UBC Theses and Dissertations

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UBC Theses and Dissertations

Making space : new aesthetics in the Masterworks Gallery at the UBC Museum of Anthropology Balcombe, Erika


In the twenty-first century, museums are becoming increasingly interested in the immaterial—the affective and sensorial—qualities of exhibition spaces like sound, light, and movement. These expanding aesthetic qualities or ‘atmospheres’ offer new ways of communicating narratives, meaning, and value in the exhibition context. They can therefore be mobilized to honour Indigenous ways of presenting information, like storytelling, which also enriches audience experience. In effect, they have the potential to become atmospheres of reconciliation which foster new intercultural understanding, dialogue, and healing. This thesis aims to illuminate the relationship between space, objects, and people in museum exhibits and the processes that collaborative teams embark upon to curate and shape exhibition content, narratives, and the messages they communicate. I explore the system of staged arrangement of atmospheric components—light, colour, materiality, new media—in museum settings by considering the newly constructed Masterworks Gallery and its inaugural exhibit, In a Different Light: Reflecting on Northwest Coast Art, at the Museum of Anthropology (MOA) at the University of British Columbia, Vancouver. The significance of MOA’s twofold project—the design of a new gallery and the development of its first exhibit—is its potential for communicating institutional philosophies, priorities, and future goals in concrete form. My research will contribute to the fields of museology and design studies by illuminating how space and the sensorial might come together to create atmospheres of reconciliation using technology and new media not only as a product but also as a process. It will show how making space for multiple perspectives, through culturally diverse ways of remembering, communicating, researching, and learning, works toward advancing a decolonized methodology by challenging outdated museum prescripts and developing a new curatorial model. By claiming authority and space within the museum, Indigenous storytellers reclaim their right to self-definition and demonstrate ownership and authority over their own material and intangible cultures. By recalibrating sensory inputs in exhibits, like touch and voice, museums are building new kinds of connections, fostering understanding, and ultimately promoting reconciliation with Indigenous people through these new forms of aesthetic action.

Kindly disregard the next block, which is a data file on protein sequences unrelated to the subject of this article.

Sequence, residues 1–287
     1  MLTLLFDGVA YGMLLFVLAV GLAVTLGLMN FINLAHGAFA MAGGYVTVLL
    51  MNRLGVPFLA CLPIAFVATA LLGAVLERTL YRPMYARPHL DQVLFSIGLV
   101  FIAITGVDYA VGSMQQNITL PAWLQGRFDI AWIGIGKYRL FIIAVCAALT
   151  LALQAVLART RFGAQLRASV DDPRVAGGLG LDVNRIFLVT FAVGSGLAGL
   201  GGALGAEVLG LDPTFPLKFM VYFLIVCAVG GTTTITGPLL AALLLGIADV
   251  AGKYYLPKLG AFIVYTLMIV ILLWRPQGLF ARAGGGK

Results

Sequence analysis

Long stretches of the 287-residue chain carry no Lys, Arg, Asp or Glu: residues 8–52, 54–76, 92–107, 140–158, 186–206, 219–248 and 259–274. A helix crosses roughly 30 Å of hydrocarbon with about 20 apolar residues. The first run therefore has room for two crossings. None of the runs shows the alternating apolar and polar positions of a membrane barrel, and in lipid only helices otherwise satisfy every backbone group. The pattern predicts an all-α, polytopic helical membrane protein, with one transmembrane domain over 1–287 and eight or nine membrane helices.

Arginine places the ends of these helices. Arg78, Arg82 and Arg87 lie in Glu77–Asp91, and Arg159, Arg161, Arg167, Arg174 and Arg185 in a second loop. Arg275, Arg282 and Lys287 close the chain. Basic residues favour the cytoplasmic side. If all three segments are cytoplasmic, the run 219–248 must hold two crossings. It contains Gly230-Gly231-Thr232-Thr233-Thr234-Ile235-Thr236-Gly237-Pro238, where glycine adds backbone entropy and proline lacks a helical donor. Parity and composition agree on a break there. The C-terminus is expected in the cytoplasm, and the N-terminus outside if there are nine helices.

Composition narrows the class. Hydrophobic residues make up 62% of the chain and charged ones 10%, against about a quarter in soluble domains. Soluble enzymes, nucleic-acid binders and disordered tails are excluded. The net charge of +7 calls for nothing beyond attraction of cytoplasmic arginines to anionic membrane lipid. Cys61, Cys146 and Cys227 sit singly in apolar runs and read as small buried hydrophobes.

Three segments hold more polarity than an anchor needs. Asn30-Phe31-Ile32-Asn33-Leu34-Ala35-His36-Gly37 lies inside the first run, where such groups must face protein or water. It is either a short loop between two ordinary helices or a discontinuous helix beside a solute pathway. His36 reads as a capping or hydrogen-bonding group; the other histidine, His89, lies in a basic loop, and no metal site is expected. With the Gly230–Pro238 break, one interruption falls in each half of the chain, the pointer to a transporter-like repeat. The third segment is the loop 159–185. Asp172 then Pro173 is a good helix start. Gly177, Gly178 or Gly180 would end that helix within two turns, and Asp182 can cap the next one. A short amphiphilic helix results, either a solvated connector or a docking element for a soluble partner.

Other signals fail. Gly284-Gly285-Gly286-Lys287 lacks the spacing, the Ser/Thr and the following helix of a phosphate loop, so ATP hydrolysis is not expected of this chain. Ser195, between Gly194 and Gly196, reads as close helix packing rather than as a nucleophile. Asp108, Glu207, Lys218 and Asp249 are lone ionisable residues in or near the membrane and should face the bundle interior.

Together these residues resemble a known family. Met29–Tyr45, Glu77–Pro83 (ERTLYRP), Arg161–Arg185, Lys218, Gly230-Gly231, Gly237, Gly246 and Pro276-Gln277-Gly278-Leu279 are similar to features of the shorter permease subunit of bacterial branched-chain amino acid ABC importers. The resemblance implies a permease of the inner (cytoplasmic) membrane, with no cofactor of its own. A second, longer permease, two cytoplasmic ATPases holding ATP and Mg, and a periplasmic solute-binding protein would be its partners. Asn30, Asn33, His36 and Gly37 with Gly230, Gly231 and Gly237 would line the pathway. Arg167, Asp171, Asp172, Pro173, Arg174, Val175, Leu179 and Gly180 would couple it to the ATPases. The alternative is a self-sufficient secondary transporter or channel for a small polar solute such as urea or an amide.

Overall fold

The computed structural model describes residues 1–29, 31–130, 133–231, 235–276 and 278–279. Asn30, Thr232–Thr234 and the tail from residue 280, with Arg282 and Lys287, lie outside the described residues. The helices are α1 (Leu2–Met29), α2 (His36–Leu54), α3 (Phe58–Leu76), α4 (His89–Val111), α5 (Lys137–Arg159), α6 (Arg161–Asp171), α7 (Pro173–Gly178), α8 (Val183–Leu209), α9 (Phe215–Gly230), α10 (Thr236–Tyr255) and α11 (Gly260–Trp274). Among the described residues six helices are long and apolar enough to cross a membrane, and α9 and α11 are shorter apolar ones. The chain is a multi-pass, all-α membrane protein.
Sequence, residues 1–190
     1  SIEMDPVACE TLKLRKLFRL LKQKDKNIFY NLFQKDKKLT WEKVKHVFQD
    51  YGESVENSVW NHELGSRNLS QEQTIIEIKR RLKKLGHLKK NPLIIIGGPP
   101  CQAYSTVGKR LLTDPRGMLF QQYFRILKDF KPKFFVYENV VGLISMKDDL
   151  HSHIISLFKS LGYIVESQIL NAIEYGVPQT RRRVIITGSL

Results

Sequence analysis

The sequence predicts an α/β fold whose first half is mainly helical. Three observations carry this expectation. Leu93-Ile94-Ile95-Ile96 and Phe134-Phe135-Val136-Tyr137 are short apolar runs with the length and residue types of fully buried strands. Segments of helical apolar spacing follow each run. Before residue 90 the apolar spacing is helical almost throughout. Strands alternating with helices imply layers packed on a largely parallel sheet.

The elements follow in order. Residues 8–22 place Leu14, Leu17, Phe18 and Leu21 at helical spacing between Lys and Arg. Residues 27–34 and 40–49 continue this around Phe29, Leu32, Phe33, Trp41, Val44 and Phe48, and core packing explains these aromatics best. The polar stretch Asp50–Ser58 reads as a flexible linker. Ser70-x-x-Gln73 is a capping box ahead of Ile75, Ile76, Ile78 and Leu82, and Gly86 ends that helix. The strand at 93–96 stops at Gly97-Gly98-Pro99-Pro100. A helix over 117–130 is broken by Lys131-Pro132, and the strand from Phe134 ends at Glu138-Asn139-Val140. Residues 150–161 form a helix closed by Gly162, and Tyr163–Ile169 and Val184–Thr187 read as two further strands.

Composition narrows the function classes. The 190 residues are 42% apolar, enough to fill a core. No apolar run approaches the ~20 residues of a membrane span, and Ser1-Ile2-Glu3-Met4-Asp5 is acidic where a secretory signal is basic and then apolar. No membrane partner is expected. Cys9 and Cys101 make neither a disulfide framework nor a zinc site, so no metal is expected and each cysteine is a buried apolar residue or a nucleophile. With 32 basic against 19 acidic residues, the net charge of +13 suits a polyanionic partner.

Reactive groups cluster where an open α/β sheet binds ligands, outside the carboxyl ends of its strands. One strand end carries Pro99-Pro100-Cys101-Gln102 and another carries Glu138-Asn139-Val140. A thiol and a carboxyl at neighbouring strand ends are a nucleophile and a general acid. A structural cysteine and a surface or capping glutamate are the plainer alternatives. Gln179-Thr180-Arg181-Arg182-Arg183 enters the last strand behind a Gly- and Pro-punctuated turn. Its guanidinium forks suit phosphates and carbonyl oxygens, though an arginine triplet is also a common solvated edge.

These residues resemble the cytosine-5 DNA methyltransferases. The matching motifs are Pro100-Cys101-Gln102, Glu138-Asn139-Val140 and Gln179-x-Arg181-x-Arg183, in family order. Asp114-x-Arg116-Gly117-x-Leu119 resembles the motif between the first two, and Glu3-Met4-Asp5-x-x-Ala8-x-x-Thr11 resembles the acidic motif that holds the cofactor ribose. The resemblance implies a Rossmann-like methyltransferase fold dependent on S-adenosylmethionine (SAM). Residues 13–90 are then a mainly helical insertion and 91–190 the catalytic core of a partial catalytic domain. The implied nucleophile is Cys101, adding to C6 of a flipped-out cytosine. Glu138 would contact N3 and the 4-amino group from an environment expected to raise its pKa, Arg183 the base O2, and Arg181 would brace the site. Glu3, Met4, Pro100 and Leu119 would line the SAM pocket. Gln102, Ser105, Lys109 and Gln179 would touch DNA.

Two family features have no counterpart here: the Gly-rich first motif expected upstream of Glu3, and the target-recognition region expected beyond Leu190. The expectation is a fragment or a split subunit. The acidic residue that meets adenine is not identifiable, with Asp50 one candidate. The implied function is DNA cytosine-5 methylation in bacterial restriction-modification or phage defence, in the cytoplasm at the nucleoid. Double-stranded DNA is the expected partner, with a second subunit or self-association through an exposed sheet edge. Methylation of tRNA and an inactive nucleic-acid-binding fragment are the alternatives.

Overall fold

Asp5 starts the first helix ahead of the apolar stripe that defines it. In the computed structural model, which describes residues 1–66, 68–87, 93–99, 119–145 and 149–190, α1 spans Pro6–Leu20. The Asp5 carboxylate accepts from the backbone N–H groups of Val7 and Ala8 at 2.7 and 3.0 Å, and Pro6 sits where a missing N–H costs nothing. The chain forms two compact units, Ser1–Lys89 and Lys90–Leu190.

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Attribution-NonCommercial-NoDerivatives 4.0 International